new-york

Eric Bogosian

American Theatre Laboratory

Eric Bogosian’s performance work participates in this genre. In both his solo performances and his plays he isolates and re-presents media clichés, especially those that come to us from television, using theatrical conventions as a framing device. The New World was presented as a play, but it was really a grouping of some fifteen scenes of what could instantly be recognized as “American life,” structured by means of association rather than by a narrative. The evening was introduced by a host, eerily reminiscent of Rod Serling, who creepily insinuated an easy familiarity as he offered his viewers a privileged preview of what he was pleased to call reality.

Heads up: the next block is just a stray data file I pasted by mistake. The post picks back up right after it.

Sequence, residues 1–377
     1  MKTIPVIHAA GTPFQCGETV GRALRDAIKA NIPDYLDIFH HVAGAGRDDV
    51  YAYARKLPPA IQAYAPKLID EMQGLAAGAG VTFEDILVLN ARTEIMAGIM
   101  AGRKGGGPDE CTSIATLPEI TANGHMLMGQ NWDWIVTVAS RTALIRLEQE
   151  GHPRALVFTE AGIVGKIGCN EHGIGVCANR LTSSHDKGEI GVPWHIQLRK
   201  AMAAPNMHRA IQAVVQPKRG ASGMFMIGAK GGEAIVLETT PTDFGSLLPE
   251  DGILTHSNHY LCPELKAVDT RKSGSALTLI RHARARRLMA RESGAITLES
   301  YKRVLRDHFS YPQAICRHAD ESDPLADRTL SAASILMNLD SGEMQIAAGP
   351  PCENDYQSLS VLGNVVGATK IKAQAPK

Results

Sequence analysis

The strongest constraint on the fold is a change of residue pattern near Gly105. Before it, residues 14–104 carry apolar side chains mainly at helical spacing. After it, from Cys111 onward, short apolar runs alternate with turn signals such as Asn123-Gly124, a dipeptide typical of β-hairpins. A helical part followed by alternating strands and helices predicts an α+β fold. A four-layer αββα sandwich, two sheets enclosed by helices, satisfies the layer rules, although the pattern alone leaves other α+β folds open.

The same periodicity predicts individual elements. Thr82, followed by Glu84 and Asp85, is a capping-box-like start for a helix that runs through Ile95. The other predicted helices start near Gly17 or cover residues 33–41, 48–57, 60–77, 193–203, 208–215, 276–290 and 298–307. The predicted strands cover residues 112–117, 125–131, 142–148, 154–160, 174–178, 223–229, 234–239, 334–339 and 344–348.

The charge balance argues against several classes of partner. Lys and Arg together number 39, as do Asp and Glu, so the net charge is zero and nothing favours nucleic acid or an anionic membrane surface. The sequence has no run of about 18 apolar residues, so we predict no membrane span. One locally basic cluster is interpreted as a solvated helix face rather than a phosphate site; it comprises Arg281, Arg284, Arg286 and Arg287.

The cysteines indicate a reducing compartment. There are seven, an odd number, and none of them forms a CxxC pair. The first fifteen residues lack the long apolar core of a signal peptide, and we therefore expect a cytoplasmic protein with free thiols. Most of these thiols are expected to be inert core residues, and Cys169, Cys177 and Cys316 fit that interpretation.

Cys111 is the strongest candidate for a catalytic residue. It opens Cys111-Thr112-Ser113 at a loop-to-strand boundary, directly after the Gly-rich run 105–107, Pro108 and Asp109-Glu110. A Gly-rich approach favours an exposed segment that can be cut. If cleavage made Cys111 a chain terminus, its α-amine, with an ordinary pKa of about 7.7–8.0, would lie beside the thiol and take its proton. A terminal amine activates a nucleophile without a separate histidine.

The scenes themselves were varied. Some depicted domestic life, some public; a few showed instantly recognizable aspects of a clandestine life known more from movies than from experience. All had the feel of soap opera—a heightened emotional

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